Many of these veterans returned home deeply disturbed by the disparity between the reality of the war and the way it is portrayed by the US government and American media. The war the vets described is a dark and even depraved enterprise, one that bears a powerful resemblance to other misguided and brutal colonial wars and occupations, from the French occupation of Algeria to the American war in Vietnam and the Israeli occupation of Palestinian territory.

"I'll tell you the point where I really turned," said Spc. Michael Harmon, 24, a medic from Brooklyn. He served a thirteen-month tour beginning in April 2003 with the 167th Armor Regiment, Fourth Infantry Division, in Al-Rashidiya, a small town near Baghdad. "I go out to the scene and [there was] this little, you know, pudgy little 2-year-old child with the cute little pudgy legs, and I look and she has a bullet through her leg.... An IED [improvised explosive device] went off, the gun-happy soldiers just started shooting anywhere and the baby got hit. And this baby looked at me, wasn't crying, wasn't anything, it just looked at me like--I know she couldn't speak. It might sound crazy, but she was like asking me why. You know, Why do I have a bullet in my leg?... I was just like, This is--this is it. This is ridiculous."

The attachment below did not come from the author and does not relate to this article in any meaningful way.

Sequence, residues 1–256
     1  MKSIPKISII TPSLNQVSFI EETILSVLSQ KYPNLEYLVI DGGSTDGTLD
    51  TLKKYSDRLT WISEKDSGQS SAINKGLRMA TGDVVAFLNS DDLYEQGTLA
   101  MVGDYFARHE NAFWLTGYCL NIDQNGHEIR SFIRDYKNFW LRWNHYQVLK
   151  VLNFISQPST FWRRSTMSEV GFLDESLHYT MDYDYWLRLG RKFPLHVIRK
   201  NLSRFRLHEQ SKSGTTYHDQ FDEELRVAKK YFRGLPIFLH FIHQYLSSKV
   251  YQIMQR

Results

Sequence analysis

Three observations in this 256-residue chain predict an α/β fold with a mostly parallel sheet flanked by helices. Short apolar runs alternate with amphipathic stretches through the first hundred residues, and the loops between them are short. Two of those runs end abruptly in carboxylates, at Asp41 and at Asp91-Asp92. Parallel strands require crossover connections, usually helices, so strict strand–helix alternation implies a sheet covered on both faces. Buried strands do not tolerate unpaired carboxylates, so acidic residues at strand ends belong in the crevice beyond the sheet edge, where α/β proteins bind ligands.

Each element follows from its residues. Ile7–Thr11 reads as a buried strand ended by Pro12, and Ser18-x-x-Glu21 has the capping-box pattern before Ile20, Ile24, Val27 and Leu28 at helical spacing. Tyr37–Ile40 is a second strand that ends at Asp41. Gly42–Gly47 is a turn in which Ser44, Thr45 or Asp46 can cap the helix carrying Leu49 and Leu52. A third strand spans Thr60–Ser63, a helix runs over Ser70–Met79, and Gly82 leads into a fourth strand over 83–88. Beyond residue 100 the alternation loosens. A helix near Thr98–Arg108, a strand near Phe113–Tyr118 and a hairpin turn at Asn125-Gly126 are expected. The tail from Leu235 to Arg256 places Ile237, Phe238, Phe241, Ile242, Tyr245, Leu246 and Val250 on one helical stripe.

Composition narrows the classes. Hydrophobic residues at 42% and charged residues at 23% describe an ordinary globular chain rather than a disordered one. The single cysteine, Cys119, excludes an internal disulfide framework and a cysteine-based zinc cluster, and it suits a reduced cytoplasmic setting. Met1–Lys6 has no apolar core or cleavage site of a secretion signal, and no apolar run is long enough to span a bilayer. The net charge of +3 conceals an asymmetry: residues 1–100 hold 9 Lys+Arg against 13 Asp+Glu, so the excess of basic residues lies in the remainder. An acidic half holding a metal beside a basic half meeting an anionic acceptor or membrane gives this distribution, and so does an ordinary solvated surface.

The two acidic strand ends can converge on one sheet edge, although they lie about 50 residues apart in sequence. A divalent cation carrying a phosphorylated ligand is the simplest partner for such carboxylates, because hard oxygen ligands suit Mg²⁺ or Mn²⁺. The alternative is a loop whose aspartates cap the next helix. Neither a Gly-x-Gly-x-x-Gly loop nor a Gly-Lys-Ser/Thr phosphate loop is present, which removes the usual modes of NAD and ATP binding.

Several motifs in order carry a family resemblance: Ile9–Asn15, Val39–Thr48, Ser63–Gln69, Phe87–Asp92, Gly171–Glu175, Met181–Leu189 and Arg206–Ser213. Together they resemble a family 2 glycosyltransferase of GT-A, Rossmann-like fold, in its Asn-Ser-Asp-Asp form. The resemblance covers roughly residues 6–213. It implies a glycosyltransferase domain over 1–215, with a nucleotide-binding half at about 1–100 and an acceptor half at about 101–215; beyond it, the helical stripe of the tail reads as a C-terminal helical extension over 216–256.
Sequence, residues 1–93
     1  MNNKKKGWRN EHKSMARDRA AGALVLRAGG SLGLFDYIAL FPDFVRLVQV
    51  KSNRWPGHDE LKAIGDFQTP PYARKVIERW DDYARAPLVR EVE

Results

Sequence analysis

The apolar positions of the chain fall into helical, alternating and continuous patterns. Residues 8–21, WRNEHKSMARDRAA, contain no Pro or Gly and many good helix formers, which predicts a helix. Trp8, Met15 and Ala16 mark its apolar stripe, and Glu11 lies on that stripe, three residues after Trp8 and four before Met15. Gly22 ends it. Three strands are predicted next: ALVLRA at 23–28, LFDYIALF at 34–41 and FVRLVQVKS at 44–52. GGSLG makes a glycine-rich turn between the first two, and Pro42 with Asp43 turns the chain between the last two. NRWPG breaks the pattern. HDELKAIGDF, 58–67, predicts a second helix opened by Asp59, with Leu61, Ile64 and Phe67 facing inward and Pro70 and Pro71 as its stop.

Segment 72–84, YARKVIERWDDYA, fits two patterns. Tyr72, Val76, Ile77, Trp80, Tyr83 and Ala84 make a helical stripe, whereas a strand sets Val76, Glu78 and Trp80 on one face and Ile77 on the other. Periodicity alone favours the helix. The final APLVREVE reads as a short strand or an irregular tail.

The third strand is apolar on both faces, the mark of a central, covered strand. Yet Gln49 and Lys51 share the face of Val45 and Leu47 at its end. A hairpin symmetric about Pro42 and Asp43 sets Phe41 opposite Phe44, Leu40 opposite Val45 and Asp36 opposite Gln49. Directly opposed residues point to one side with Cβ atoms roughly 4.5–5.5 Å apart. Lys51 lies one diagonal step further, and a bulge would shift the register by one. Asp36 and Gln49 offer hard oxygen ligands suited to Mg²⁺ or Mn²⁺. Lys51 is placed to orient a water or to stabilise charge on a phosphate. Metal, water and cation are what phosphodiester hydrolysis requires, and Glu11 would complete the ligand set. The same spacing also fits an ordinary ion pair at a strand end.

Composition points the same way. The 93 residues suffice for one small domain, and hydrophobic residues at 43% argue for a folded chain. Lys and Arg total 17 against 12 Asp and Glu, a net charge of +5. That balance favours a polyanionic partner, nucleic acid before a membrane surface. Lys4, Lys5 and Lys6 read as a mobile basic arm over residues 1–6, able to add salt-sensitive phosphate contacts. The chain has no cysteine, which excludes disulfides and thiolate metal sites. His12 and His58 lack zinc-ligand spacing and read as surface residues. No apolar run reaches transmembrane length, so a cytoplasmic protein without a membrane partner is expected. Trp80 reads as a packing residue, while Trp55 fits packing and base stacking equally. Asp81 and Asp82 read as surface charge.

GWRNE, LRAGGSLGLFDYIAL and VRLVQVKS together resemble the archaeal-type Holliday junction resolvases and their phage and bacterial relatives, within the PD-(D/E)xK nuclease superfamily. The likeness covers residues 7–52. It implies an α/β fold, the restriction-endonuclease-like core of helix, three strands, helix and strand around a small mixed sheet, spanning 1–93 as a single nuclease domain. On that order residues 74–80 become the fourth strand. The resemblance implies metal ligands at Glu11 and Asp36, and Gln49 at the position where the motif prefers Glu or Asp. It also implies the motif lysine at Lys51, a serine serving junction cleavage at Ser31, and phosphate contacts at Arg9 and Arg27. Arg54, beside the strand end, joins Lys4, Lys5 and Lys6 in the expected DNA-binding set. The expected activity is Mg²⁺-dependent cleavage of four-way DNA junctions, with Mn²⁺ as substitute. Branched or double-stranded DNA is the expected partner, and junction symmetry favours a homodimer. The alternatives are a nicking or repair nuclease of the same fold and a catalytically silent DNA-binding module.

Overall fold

Much of the resentment toward Iraqis described to The Nation by veterans was confirmed in a report released May 4 by the Pentagon. According to the survey, conducted by the Office of the Surgeon General of the US Army Medical Command, just 47 percent of soldiers and 38 percent of marines agreed that civilians should be treated with dignity and respect. Only 55 percent of soldiers and 40 percent of marines said they would report a unit member who had killed or injured "an innocent noncombatant."